Home > In the Media > Jaitapur nuclear project gets conditional eco clearance

Jaitapur nuclear project gets conditional eco clearance

November 28, 2010 Leave a comment Go to comments

The Hindu Businessline Bureau
10,000 MW unit to bring in investment of over Rs 1 lakh crore.

Mumbai, Nov. 28

The Union Ministry of Environment and Forest on Sunday gave a conditional environmental clearance to the 10,000 MW Jaitapur nuclear plant in Maharashtra. The project will come up in phases over the next 15 years and will bring in an investment of more than Rs 1 lakh crore in the region.

Nuclear Power Corporation of India Ltd (NPCIL) will have to abide by 35 environmental conditions in which top priority has been given to preserving the marine biodiversity of the sea near the plant.

Phase I

The first phase is expected to be completed within the next five years and the remaining phases by 2020. French nuclear giant, Areva, will provide six European pressurised reactors. These third generation reactors are designed with very advance safety features. An agreement between Areva and NPCIL is likely to be signed next month during the French President, Mr Nicholas Sarkozy’s state visit to India. The Union Minister for Environment and Forests, Mr Jairman Ramesh, addressing the media, said that the clearance to the project has been given considering major issues such as national economic growth, diversification of fuel mix for power generation in the country, strategic diplomacy and environmental concerns, he said.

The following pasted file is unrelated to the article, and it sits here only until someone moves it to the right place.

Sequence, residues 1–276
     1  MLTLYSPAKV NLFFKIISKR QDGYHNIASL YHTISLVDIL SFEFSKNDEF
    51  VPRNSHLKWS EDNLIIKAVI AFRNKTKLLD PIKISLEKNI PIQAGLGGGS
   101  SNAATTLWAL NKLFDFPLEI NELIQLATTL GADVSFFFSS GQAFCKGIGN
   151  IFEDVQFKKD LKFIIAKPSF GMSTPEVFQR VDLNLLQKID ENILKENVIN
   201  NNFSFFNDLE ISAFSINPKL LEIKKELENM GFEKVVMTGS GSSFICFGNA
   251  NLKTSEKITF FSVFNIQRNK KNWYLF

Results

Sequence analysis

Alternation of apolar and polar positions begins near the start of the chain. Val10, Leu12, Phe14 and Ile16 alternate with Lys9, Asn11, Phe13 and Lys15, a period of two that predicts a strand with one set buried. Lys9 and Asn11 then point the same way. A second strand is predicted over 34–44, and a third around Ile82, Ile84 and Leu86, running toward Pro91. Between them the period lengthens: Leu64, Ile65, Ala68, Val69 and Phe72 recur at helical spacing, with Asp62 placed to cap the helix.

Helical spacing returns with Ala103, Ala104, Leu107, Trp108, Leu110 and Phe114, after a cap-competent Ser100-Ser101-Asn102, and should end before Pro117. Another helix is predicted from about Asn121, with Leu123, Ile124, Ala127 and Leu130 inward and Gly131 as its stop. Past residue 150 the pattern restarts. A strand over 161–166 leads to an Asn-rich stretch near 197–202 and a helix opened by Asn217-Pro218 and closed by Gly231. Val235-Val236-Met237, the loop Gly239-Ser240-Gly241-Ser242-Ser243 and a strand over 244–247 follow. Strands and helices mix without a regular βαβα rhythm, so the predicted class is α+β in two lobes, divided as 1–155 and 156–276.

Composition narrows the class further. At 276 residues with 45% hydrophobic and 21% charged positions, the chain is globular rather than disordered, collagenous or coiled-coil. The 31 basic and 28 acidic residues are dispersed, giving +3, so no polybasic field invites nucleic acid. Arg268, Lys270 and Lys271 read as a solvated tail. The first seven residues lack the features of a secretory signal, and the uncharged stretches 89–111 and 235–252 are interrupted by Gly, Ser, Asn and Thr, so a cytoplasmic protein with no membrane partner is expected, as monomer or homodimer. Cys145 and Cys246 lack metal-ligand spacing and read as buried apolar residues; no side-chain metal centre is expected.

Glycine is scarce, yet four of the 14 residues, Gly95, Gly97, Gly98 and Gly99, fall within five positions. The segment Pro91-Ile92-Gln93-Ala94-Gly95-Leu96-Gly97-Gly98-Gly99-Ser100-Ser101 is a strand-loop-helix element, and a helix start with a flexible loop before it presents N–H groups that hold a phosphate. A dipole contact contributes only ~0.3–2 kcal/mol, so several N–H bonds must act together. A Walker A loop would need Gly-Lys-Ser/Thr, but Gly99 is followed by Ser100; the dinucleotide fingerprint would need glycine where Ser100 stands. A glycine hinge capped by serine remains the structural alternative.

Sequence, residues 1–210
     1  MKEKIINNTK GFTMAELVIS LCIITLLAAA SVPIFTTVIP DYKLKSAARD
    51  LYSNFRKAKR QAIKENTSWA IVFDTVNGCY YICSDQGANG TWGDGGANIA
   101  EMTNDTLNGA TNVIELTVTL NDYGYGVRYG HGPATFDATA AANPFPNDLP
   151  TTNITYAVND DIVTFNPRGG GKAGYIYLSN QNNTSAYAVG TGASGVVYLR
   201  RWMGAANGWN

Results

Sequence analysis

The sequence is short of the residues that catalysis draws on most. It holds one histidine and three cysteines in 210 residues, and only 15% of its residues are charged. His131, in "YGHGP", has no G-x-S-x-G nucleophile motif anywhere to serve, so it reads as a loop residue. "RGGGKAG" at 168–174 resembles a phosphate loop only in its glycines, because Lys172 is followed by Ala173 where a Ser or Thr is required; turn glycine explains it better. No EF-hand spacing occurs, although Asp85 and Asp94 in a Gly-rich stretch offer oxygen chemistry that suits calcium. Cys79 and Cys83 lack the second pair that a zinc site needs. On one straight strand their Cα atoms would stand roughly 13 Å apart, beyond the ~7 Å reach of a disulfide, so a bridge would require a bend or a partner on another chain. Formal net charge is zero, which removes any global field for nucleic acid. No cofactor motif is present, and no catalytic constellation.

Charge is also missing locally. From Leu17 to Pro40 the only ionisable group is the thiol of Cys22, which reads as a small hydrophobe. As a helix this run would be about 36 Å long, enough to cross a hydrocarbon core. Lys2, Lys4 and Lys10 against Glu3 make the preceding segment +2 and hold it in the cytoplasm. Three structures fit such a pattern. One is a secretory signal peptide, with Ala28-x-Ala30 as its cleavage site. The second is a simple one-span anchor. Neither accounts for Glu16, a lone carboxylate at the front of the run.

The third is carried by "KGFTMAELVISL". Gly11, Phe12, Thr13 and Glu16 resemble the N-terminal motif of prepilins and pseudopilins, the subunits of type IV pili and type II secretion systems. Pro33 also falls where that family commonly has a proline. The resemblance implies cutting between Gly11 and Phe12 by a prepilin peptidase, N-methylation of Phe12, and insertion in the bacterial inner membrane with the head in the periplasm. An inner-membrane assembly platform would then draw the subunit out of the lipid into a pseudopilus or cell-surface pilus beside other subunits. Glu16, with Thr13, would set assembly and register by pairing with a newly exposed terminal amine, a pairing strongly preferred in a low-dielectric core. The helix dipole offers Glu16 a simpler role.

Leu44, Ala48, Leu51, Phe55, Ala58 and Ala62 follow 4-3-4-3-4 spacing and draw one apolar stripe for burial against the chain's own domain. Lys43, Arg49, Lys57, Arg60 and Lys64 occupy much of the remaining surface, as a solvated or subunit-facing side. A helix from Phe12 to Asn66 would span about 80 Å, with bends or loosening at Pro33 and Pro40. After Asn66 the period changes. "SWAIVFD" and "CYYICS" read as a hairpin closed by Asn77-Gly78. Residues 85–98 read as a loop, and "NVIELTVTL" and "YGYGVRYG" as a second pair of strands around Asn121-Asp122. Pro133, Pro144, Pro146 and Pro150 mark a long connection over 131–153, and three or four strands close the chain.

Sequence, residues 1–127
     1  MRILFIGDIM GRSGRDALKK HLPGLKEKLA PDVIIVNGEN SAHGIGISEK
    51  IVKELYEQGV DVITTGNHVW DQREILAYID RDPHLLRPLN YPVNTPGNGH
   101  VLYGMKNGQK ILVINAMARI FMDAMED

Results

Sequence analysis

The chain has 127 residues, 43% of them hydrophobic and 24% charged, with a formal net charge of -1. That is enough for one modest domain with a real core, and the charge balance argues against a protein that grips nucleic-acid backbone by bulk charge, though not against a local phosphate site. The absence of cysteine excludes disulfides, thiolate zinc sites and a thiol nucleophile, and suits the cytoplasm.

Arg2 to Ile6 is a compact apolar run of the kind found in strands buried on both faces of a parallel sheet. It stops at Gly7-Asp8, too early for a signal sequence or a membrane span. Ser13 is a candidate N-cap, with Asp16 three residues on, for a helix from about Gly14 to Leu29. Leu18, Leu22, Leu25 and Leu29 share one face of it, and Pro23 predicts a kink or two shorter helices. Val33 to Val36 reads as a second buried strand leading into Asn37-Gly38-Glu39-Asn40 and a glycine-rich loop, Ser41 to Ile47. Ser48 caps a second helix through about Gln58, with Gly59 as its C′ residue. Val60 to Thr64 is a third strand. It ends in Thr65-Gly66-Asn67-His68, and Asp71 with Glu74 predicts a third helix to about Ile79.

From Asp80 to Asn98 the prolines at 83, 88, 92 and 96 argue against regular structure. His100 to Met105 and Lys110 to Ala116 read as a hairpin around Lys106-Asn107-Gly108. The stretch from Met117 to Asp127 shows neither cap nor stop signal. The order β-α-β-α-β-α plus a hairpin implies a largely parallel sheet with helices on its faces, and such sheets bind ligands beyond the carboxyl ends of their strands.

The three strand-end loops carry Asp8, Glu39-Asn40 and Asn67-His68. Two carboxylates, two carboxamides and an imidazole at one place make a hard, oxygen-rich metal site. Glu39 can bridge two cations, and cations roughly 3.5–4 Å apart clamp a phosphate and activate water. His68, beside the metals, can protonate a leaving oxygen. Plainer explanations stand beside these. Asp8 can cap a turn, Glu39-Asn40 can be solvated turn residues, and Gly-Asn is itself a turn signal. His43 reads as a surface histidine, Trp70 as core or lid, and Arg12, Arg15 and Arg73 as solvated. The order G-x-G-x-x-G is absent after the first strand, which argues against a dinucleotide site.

Ecologically-sensitive

Jaitapur plant, located at Ratnagiri, is part of the ecologically-sensitive Western Ghats region, he said. The only forest cover in Maharashtra is in this region and in the Vidarbha. Therefore, the Ministry had to strike a balance between development and environment while sanctioning the project, he said. Mr Ramesh said his Ministry had given the environmental clearance to the Jaitapur project in 80 days from the day NPCIL submitted the final environment assessment report. The Navi Mumbai airport clearance took 115 days from the time City and Industrial Development Corporation of Maharashtra submitted its assessment report, he said.

“I am not anti-development; environment clearance is given to about 95 per cent of the projects which come to my Ministry while 85 per cent get forest clearance,” he said.

Mr Ramesh said although the project has got the environment clearance, if it (the project) undergoes some changes in terms of design and technology while getting approval from the Atomic Energy Regulatory Board and if those changes have a significant impact on the environment, then the project will have to be referred back to the Ministry for environment clearance, he said.

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